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The answer provided by @lrose is pretty much textbook perfection. I don’t really have much to add.

I guess I can try to answer these original questions:

The answers for these questions are essentially “because that’s how we programmed it”.

The idea here was that the syntax was {../locate/the/component DOT scope DOT property path} We use shortcuts plus filesystem-style slash-based tree traversal syntax to get to the target component, and then we use dots to get into the property namespace. This keeps the path parsing deterministic.

Why is every level so different?

Is it? I don’t think so. You have 1) direct keyword-orient shortcuts (this, parent, view, session, and page), you have “go up X levels from here”, and you have “start at the top”.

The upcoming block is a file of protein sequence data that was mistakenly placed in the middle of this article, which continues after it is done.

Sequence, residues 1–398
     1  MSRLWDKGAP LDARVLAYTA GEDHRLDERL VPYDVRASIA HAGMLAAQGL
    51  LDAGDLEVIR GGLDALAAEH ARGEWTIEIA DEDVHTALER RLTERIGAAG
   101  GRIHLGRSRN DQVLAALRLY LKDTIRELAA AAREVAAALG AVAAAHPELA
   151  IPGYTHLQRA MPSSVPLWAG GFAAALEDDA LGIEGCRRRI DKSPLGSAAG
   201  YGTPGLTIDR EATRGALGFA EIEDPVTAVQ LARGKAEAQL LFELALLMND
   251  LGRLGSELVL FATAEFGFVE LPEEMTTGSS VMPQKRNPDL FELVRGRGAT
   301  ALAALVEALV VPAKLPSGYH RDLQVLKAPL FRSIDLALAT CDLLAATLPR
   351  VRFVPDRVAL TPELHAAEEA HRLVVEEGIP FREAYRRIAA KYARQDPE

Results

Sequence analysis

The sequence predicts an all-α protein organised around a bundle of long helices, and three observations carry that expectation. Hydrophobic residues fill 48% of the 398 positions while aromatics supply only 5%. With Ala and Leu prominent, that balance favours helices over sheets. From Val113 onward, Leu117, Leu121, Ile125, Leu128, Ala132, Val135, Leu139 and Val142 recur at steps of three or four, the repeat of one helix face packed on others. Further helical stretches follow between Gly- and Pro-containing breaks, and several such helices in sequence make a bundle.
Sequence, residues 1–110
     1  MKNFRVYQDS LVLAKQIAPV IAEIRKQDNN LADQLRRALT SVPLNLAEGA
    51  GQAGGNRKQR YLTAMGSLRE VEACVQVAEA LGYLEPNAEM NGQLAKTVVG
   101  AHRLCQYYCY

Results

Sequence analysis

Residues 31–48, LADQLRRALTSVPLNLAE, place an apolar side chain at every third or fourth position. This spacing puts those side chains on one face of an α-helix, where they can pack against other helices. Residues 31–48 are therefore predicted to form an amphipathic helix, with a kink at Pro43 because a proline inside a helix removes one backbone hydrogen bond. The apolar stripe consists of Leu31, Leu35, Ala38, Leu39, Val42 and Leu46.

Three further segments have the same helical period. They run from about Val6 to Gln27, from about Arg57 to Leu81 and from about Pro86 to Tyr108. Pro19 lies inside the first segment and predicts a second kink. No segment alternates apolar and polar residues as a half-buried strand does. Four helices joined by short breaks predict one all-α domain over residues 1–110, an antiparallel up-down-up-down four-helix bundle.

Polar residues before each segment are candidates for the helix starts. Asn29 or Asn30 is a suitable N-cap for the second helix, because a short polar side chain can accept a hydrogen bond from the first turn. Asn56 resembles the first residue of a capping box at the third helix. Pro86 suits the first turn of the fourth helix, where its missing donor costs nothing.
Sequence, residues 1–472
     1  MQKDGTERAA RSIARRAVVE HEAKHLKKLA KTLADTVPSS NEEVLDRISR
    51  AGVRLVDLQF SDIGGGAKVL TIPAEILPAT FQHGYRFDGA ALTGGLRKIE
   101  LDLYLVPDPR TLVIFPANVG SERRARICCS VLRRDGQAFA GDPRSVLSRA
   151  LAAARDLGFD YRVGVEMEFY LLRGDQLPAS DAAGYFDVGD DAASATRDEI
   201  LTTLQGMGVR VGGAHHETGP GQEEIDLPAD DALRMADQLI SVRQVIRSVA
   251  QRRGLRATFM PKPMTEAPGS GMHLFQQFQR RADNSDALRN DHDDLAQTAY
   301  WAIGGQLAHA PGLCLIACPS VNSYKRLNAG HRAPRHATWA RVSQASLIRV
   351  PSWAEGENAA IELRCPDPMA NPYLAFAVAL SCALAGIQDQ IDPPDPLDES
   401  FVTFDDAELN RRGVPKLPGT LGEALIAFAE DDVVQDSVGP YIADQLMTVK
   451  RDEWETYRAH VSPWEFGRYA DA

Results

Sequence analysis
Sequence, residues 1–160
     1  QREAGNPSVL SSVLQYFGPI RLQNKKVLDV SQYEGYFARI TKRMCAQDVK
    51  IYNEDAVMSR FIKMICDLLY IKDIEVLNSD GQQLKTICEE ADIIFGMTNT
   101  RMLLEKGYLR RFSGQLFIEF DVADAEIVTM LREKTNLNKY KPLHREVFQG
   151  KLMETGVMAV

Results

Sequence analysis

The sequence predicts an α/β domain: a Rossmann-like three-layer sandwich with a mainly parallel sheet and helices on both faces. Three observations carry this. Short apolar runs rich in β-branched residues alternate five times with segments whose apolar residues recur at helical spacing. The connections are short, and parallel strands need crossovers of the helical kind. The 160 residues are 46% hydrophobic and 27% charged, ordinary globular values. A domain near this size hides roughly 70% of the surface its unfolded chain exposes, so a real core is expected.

Why can’t I use parent.parent.parent…

We didn’t want to overload the use of dot-dereferencing because that would have led to confusing and in some cases non-deterministic path parsing. If we allowed parent.parent.parent.scope.path it would also invite the syntax of parent.parent.child.child.scope.path that is - to use the dot separator to walk up and down the component tree. If we do that, it becomes difficult to determine when the “component path” bit ends and the “scope.path” bit begins. You’d be hosed if you had a component named “meta”, for example.

Why can’t I use ......./root

Well this is a bit of a curiosity due to our implementation. The root container is actually the top of the component heirarchy. The view is sort of special and not actually a component, so it’s a bit of an outlier. I can understand that this might feel inconsistent, but that’s just the way it is.